Identification and analysis of Dictyostelium discoideum microtubule associated proteins

The microtubule cytoskeleton and its dynamic ends are crucial for many cellular functions throughout the whole cell cycle. Microtubule associated proteins (MAPs) are known to interact with other proteins to fulfill these complex functions in balancing the dynamic instability of microtubules as well...

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Bibliographic Details
Main Author: Koch, Katrin Veronika
Contributors: Bölker, Michael (Prof. Dr. ) (Thesis advisor)
Format: Dissertation
Language:English
Published: Philipps-Universität Marburg 2006
Biologie
Subjects:
EB1
Online Access:PDF Full Text
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Summary:The microtubule cytoskeleton and its dynamic ends are crucial for many cellular functions throughout the whole cell cycle. Microtubule associated proteins (MAPs) are known to interact with other proteins to fulfill these complex functions in balancing the dynamic instability of microtubules as well as anchoring microtubules at the cell cortex, guiding transport along them and controlling mitosis at the centrosome. Deficient function of these proteins leads to severe defects, including cancer. A major part of our understanding of these processes is knowing the proteins associated with the complexes at either end of microtubules. To identify new members of these complexes, interactors of well characterized and conserved proteins of the EB1 and XMAP215 family of MAPs were searched for in the model organism Dictyostelium discoideum. DdEB1 and the Dictyostelium member of the XMAP215 protein family, DdCP224, are known to be part of complexes at the microtubule tips as well as at the centrosome. DdCP224 is involved in centrosome duplication and cytokinesis, whereas DdEB1 assists in spindle formation. At the microtubule tip these two proteins are part of a complex that is thought to link microtubules to the cell cortex. In this study, two approaches were selected screen for novel interactors. Employment of the yeast two hybrid system yielded five putative interactors of DdEB1 and DdCP224 that could not be verified by other means. Tandem affinity purification (TAP) is a method originally established in yeast to isolate highly purified protein complexes in a very gentle and efficient way. In this study TAP was modified for Dictyostelium applications and proved to be a useful method to specifically isolate and identify microtubule-associated protein (MAP) complexes. Employing TAP and mass spectrometry the interaction between DdEB1 and DdCP224 was confirmed. Additionally, among several interactions that remain to be confirmed by other methods, an interaction between DdCP224 and a TACC-family protein could be shown for the first time in Dictyostelium and was confirmed by colocalization and co-immunoprecipitation analyses. Similar to findings in other species, the TACC domain is sufficient for the centrosomal localization of the protein and the interaction with the XMAP215 orthologue. Based on the results presented, DdTACC, the only member of this protein family present in Dictyostelium discoideum, was considered to be an essential gene product.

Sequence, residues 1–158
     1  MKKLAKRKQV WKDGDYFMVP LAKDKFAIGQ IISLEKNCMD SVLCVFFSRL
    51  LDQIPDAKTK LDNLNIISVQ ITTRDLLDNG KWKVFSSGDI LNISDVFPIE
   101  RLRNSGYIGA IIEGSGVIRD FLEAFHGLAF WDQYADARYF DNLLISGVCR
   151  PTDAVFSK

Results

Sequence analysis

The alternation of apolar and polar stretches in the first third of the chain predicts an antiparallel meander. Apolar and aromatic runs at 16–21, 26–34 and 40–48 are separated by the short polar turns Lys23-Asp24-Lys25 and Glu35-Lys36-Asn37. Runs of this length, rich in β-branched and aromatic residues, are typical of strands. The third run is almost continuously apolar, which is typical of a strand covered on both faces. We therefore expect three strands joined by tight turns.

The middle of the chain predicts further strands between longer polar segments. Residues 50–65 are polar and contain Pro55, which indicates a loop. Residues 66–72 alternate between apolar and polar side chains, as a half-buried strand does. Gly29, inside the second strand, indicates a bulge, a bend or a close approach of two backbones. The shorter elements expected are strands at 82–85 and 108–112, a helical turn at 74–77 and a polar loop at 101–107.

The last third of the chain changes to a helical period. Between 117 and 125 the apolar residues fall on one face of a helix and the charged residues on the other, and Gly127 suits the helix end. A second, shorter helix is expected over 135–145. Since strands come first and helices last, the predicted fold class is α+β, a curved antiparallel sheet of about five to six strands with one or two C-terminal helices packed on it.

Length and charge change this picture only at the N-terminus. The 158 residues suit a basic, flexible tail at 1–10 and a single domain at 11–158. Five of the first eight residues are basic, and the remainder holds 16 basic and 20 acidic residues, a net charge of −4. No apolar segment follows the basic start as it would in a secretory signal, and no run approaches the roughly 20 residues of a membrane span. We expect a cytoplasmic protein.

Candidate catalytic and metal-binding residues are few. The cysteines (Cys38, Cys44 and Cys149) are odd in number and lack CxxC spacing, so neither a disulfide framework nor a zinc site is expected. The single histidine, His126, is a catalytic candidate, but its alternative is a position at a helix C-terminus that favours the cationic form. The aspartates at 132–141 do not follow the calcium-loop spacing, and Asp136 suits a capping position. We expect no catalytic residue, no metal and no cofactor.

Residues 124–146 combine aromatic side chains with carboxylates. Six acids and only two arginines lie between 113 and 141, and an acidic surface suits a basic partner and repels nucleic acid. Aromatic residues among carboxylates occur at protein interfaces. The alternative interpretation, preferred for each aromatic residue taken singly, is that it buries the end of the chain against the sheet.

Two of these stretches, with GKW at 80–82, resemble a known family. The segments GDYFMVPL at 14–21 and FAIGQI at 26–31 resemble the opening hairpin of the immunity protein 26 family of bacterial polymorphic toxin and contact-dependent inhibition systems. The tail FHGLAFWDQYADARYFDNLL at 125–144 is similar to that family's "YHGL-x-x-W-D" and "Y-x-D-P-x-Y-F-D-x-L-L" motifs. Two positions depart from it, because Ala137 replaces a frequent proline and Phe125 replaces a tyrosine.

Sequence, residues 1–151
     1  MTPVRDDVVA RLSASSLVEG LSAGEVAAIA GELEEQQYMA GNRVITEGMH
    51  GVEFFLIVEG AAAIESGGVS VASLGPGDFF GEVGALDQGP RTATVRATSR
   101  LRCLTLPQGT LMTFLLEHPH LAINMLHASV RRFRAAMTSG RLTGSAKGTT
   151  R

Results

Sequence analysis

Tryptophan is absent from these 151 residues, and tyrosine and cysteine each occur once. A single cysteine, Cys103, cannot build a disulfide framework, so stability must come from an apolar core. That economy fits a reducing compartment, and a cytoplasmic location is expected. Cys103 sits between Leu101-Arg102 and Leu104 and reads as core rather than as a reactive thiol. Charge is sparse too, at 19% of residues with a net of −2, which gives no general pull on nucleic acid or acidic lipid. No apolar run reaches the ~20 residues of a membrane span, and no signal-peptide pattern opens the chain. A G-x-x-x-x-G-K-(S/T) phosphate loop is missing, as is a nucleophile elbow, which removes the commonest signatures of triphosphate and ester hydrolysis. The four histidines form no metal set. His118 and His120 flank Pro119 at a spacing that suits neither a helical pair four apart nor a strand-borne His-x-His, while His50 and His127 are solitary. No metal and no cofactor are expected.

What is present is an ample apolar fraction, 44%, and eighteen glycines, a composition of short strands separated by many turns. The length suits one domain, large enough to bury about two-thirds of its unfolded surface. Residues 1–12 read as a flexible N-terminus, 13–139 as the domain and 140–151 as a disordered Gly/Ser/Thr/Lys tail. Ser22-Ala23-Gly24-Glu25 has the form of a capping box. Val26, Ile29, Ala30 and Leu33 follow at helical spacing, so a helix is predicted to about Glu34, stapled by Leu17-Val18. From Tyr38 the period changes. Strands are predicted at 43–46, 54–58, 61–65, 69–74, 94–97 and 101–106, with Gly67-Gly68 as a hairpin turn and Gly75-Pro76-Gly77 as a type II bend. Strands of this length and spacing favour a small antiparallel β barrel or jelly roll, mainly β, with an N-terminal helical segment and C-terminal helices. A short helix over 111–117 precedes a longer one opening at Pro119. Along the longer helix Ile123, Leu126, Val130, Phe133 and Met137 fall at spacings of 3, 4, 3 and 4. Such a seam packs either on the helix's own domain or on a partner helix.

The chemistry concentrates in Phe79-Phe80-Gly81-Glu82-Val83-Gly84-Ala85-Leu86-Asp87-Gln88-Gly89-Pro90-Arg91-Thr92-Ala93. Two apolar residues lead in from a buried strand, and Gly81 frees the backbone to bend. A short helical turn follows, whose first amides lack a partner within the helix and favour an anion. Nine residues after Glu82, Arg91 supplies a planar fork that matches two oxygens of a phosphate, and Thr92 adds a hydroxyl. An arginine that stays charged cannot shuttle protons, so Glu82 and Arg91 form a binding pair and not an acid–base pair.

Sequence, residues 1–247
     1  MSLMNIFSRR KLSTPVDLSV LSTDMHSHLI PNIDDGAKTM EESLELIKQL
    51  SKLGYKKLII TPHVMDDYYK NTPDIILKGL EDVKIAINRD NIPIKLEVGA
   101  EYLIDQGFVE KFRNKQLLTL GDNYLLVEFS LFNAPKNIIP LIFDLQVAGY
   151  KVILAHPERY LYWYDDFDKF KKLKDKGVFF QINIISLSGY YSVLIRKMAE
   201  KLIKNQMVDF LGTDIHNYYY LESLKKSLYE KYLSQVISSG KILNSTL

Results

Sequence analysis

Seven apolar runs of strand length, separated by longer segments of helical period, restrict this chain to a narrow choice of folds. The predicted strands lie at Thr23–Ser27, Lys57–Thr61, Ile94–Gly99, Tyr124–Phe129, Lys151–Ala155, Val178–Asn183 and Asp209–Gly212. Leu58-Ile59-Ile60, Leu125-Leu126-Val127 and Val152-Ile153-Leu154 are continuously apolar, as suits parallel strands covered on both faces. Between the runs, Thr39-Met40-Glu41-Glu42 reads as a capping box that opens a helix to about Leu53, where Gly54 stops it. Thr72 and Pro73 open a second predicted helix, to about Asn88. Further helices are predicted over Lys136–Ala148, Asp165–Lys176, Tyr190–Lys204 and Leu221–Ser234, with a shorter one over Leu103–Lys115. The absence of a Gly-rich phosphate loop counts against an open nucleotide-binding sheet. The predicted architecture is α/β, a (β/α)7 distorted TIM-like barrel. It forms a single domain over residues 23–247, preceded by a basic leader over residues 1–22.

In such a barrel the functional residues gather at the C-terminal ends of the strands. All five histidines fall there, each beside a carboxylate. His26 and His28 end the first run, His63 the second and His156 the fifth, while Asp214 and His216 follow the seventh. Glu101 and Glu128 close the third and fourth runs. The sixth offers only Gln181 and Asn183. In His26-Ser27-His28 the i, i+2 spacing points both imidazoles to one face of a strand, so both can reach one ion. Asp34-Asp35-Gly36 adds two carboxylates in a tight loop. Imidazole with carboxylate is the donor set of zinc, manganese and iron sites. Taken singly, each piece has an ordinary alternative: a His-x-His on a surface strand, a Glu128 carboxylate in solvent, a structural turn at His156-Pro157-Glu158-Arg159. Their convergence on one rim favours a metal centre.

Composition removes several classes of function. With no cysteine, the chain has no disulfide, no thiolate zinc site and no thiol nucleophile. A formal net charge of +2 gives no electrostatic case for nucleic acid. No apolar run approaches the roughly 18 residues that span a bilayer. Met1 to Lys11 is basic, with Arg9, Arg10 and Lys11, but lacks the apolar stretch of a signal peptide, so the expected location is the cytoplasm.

DOI:https://doi.org/10.17192/z2006.0802